During three days of testimony before a special referee hearing the election law challenge to his candidacy, Blake sought to establish his residential bona fides as legally qualified candidate seeking elected office in New York State and his Bronx assembly district.
Since graduating from Northwestern University in Evanston, IL, Michael Blake has lived in Chicago, where he worked as a sports producer at Comcast Sportsnet. He has lived in Lansing, MI, where worked for the Speaker of the Michigan House of Representatives. Blake voted twice (November 2006 and 2008) in Lansing, Michigan.
Speaking off the record, a source said Blake did indeed vote in 2004 (in Chicago, perhaps?), the year he became eligible to vote for President.
Recently, Michael Blake discovered that he really didn’t want to be a resident of the District of Columbia so he filed a certificate of non-residence and applied for refunds for the tax years, 2009 – 2012. Prior to his residential epiphany, Blake registered to vote in DC and cast votes there in 2010 and 2012.
Prior to June 2013, Michael Blake was neither registered to vote nor cast a vote in the Bronx. But he had been a registered voter in Lansing, MI, Washington, DC, and perhaps, Chicago. IL.
At several points during his testimony, Blake cited his relationship to and lifelong involvement in the Calvary United Methodist Church in the Bronx. Blake and his pastor, Rev. Wesley Daniels said he was a certified lay speaker and that he tithed to the church in 2013. But no evidence of a tithing record prior to last year was presented.
In a biography available online, Blake listed himself as a proud member of Allen Chapel A.M.E. church in Washington, D.C. where he served as a steward board member and co-chair of the 2010 Men’s Day season. Yet four years later, Blake would deny that he lived in the District of Columbia and would attest to living there less than 180 days a year. And he would have a Bronx court believe that he had no ties to DC other than the high post he held in the Obama administration.
At no time has Mr. Blake exercised an interest in being connected to the Bronx, except to visit and/or care for his parents. He was as involved in the Allen AME Church in DC as he was involved in his home church the past 2-3 years.
Jose Miranda, a security guard employed at Blake’s mother’s Decatur Avenue residence, testified that he did not consider Blake to be a “resident” of his mother’s apartment house (which is a residence for people 62 years old and older) because he only visited 1-2 times a week. Mr. Miranda acknowledged, however, that Blake stayed overnight when he did, but only regarded him as a visitor.
When you examine Michael Blake’s entire life, one can clearly see that Mr. Blake’s only intention has been to get as far away from the Bronx as possible. To create a life elsewhere away from the harsh realities of life in the Bronx. That is, until he saw the opportunity to run for a vacant Bronx assembly seat, did he suddenly decide to recreate himself as a prodigal son returned home.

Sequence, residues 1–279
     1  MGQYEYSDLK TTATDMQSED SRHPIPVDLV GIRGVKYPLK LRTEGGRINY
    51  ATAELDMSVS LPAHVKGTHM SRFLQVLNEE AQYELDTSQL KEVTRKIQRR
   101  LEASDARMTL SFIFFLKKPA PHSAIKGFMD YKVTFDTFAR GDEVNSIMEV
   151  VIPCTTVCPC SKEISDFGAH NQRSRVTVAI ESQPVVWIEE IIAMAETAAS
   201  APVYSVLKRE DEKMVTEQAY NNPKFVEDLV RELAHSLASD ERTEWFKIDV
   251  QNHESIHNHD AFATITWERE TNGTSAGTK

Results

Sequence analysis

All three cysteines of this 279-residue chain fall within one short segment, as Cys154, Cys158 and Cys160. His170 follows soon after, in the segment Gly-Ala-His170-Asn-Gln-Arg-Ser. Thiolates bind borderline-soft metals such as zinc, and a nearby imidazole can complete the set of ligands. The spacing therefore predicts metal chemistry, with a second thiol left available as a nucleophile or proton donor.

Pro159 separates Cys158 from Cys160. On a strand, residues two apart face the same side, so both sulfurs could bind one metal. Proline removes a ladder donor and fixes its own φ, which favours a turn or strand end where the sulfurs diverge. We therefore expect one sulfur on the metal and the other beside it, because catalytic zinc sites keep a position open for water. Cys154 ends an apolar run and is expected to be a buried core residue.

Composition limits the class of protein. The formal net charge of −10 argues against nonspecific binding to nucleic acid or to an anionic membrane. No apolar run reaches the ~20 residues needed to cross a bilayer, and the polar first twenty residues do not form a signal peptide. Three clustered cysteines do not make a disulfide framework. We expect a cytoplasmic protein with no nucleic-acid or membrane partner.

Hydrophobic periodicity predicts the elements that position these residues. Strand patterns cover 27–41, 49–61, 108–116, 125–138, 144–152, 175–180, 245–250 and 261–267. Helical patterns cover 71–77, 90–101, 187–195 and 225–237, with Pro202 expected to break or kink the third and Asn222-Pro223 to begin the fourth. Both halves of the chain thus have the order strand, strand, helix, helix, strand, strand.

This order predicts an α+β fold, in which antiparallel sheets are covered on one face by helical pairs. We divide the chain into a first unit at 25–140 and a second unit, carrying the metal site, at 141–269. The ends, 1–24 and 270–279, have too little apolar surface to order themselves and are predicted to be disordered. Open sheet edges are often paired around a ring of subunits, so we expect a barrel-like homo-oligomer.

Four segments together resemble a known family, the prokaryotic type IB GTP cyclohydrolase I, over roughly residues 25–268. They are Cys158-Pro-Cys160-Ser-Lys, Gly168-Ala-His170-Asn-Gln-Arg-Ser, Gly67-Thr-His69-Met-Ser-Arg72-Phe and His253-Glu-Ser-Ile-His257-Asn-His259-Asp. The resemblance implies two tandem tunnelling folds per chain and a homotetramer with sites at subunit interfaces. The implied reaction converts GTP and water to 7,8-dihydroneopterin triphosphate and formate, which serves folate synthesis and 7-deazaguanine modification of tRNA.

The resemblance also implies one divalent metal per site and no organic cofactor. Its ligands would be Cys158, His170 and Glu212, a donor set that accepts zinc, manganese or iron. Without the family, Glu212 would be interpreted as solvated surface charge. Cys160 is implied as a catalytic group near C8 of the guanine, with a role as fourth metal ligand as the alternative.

Lastly, it should bother voters in the 79 AD that since turning 18, Mr. Blake has never cared to vote in his home state or hometown until he was preparing to run for local office. Absentee voting (just like a bed in either one of his parents’ home) has always been available to him.
Instead, he chose to live and vote in Chicago, IL (’04), Lansing, MI (’06, ’08), and the District of Columbia (’10, ’12). In his 14 year voting history, Blake has only voted last year or so in the Bronx (’13, ’14). Forget about him not paying state/city taxes to support our schools, police, social services, infrastructure, etc.
Blake has shown little interest in the city and borough of his birth. However, the cities of Chicago, Evanston, Lansing, Washington, DC and the nation have greatly benefited from Mr. Blake’s time, attention and talents. Just not the Bronx.
On the five-year state residency requirement, Mr. Blake simply fails to meet the mark. His effort at creating a history of residential intent and evidence of a “deep and abiding connection to the Bronx” blew up in his face. The court will not accept his cute gyrations and recent reworking of his tax filings. Too bad, though. The Bronx could use some more talented individuals committed to its betterment.
And if, as Mr. Blake told an interviewer (when asked to describe himself in three words), it’s “Not. About. Me,” the prodigal son will continue performing community work on behalf of young and disadvantaged people.
I truly hope so.
While the Bronx could use his talents, the laws of New York state should apply equally to all.
I’ve had my say.
It’s now time for seasoned jurists to weigh in on the matter.
This matter will now be decided by Judge Carter, the Appellate Division, 2nd Department, and undoubtedly, the State Court of Appeals.
[This post has been edited.]
Michael Benjamin is a columnist and blogger as well as a former state legislator who represented the 79 AD, 2003-2010.